The final shape of the Senate’s bill to limit the economic fallout of the coronavirus remains in doubt as Democrats, for the second straight day, blocked passage of the aid package because they want to spend more.
While President Donald Trump waited to sign some sort of “stimulus” bill into law, Senate Majority Leader Chuck Schumer and House Speaker Nancy Pelosi pushed to include provisions of Democrats’ Green New Deal proposal as well as other wish-list items.
Shortly after noon Monday, Senate Majority Leader Mitch McConnell, R-Ky., had harsh words for Democrats’ insistence on tax credits for solar and wind energy initiatives and on tougher fuel emission standards.
“Democrats won’t let us fund hospitals and save small businesses unless they get the dust off the Green New Deal,” McConnell said, adding in an apparent dig at Schumer, D-N.Y.:
I’d like to see Senate Democrats tell NYC doctors and nurses, who are literally overrun as we speak, that they’re filibustering hospital funding and more masks because they want to argue with the airlines over their carbon footprint.
The “stimulus” legislation, which requires the votes of 60 senators to advance, mustered only votes of 49-46 Monday.
Republicans hold 53 seats in the Senate, but at least three GOP senators apparently won’t be able to vote: Rand Paul of Kentucky tested positive for coronavirus and Mike Lee and Mitt Romney, both of Utah, have self-quarantined because of close contact with Paul.
Two other Senate Republicans, Cory Gardner of Colorado and Rick Scott of Florida, also reportedly self-quarantined because of potential exposure to the coronavirus.
Pelosi, D-Calif., said Sunday that House Democrats would come up with their own bill.
“It’s on the Senate side because that’s their deadline for a vote,” Pelosi said of Monday’s action. “We’ll be introducing our own bill, and hopefully it will be compatible.”
Pelosi unveiled a coronavirus stimulus package Monday that she said includes calling on Trump “to abandon his lawsuit seeking to strike down the Affordable Care Act.”
The House speaker’s attempt to use the stimulus package to secure liberals’ own priorities frustrated Republicans, many of whom took to Twitter to voice their perspectives.
Rep. Mark Walker, R-N.C., chairman of the Republican Study Committee, tweeted before the Senate vote that House Majority Whip Jim Clyburn, D-S.C., had said the coronavirus package is “a tremendous opportunity to restructure things to fit our vision.”
Rep. French Hill, R-Ark., tweeted: “Republicans & Democrats in the Senate negotiated a bipartisan deal which includes $75 billion for hospitals & $186 billion for state & local governments. @SpeakerPelosi & @SenSchumer need to stop blocking critically needed funding that will provide relief & keep Americans WORKING.”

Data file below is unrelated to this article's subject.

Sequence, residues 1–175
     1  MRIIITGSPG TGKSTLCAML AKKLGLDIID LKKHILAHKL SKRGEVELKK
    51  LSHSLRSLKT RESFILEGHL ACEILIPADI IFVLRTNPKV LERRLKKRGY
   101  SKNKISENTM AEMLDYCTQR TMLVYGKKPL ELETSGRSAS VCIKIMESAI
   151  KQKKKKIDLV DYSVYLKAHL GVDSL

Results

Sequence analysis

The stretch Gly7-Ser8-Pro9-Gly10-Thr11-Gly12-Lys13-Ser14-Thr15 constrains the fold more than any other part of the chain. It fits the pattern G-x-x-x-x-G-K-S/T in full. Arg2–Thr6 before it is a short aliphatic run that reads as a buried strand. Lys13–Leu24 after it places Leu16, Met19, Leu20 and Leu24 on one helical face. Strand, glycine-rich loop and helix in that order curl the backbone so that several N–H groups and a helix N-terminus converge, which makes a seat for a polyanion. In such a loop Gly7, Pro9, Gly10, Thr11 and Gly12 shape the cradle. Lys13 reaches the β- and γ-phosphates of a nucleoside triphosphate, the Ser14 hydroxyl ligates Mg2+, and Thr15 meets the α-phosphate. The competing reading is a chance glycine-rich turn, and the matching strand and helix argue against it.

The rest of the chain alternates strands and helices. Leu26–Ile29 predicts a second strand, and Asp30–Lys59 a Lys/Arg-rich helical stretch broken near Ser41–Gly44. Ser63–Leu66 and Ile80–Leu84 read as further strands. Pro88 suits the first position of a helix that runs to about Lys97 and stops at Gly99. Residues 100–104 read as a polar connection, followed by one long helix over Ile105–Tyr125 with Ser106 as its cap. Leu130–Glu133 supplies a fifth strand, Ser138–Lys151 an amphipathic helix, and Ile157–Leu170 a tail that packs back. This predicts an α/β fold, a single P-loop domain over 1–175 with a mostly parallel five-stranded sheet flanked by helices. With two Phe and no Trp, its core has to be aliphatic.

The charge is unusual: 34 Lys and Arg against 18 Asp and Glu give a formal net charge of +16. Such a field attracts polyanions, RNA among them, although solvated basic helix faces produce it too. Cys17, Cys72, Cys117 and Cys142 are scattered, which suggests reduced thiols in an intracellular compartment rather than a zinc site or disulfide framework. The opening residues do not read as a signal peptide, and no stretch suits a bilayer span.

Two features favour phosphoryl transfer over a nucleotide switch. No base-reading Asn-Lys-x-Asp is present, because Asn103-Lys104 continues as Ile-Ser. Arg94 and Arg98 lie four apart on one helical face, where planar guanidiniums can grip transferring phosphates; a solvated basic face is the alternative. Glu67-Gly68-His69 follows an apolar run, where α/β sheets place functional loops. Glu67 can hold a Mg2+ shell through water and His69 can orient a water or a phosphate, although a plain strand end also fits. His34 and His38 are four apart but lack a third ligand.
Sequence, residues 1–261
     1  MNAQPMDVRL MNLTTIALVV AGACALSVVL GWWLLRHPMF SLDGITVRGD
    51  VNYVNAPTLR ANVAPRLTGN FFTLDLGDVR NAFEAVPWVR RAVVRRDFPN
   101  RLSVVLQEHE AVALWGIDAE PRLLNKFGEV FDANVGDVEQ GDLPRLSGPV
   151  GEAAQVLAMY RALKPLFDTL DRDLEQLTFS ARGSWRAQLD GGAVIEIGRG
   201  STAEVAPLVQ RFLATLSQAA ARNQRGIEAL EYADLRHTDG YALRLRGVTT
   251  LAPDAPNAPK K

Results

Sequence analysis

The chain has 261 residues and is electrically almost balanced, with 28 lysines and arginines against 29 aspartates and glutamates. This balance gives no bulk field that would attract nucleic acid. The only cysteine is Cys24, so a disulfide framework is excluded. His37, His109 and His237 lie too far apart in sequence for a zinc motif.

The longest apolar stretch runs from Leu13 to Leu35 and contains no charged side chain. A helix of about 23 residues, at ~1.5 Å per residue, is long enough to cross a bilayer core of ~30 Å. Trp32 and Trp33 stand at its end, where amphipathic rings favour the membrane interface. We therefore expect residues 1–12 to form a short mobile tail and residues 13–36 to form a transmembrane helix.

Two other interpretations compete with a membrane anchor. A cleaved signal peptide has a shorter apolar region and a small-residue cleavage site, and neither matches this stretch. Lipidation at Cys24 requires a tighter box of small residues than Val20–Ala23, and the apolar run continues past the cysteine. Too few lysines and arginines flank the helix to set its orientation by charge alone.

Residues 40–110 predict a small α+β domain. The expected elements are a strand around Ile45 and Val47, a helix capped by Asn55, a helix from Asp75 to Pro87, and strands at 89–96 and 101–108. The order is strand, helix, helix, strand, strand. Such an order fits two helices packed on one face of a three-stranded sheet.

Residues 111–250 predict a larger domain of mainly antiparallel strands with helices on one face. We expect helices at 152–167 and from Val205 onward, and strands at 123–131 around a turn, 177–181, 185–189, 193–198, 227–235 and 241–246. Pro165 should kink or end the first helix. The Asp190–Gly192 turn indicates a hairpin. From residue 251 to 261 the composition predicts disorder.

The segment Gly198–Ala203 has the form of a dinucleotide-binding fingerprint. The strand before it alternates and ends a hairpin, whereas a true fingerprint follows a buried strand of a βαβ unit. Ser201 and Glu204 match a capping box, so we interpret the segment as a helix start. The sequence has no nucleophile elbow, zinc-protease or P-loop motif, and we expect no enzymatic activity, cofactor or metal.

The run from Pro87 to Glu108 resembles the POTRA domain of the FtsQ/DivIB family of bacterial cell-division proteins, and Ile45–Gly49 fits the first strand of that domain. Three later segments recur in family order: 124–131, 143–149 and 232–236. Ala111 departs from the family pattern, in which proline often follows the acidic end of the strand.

“Let’s be clear about what’s happening right now,” House Minority Whip Steve Scalise, R-La., tweeted late Sunday night. “We had a bipartisan deal to deliver critical relief to hardworking families until Nancy Pelosi blew it up so she could play politics.”
“Enough already!” Scalise said in the tweet. “We’re in the middle of a national emergency. Drop the partisan demands.”
Sen. Mike Braun, R-Ind., tweeted Monday: “There was no need for this to be delayed–sadly @SpeakerPelosi and @SenSchumer hijacked the bipartisan negotiations. We’re covering small business & workers with liquidity & larger businesses with loans – not bailouts or grants – so they can pay their employees. This is urgent.”
The Senate’s aid package, released Thursday by Republicans, would cost about $2 trillion and give monetary relief to airlines and other industries slammed by the COVID-19 pandemic, as well as send checks to many Americans.
Among other provisions, couples who make up to $150,000 a year would get checks for $2,400 in the mail and individuals earning up to $75,000 would get checks for $1,200.
Heritage Foundation President Kay C. James said in a formal statement Sunday that the Senate legislation in its current form was economically irresponsible.
“Like everyone, we are deeply concerned for our families, our neighbors, our friends, and the businesses we depend on. We also are concerned by many of the provisions in the CARES Act,” James said, adding:
Legislation to keep workers connected to employers, provide stability for businesses caught in this uncertainty, and mitigate the overall economic effects of this crisis is necessary. To best accomplish these goals, legislation must be targeted, temporary, and directed exclusively at the coronavirus. This bill does not pass those tests.
Generous bailouts for businesses and extremely broad federal assistance programs won’t best help those hit hardest or get our economy back up and running when the time comes. They’ll do what Washington programs often do: hurt the American people through unintended consequences while enriching a select few.
The Daily Signal is the multimedia news organization of The Heritage Foundation.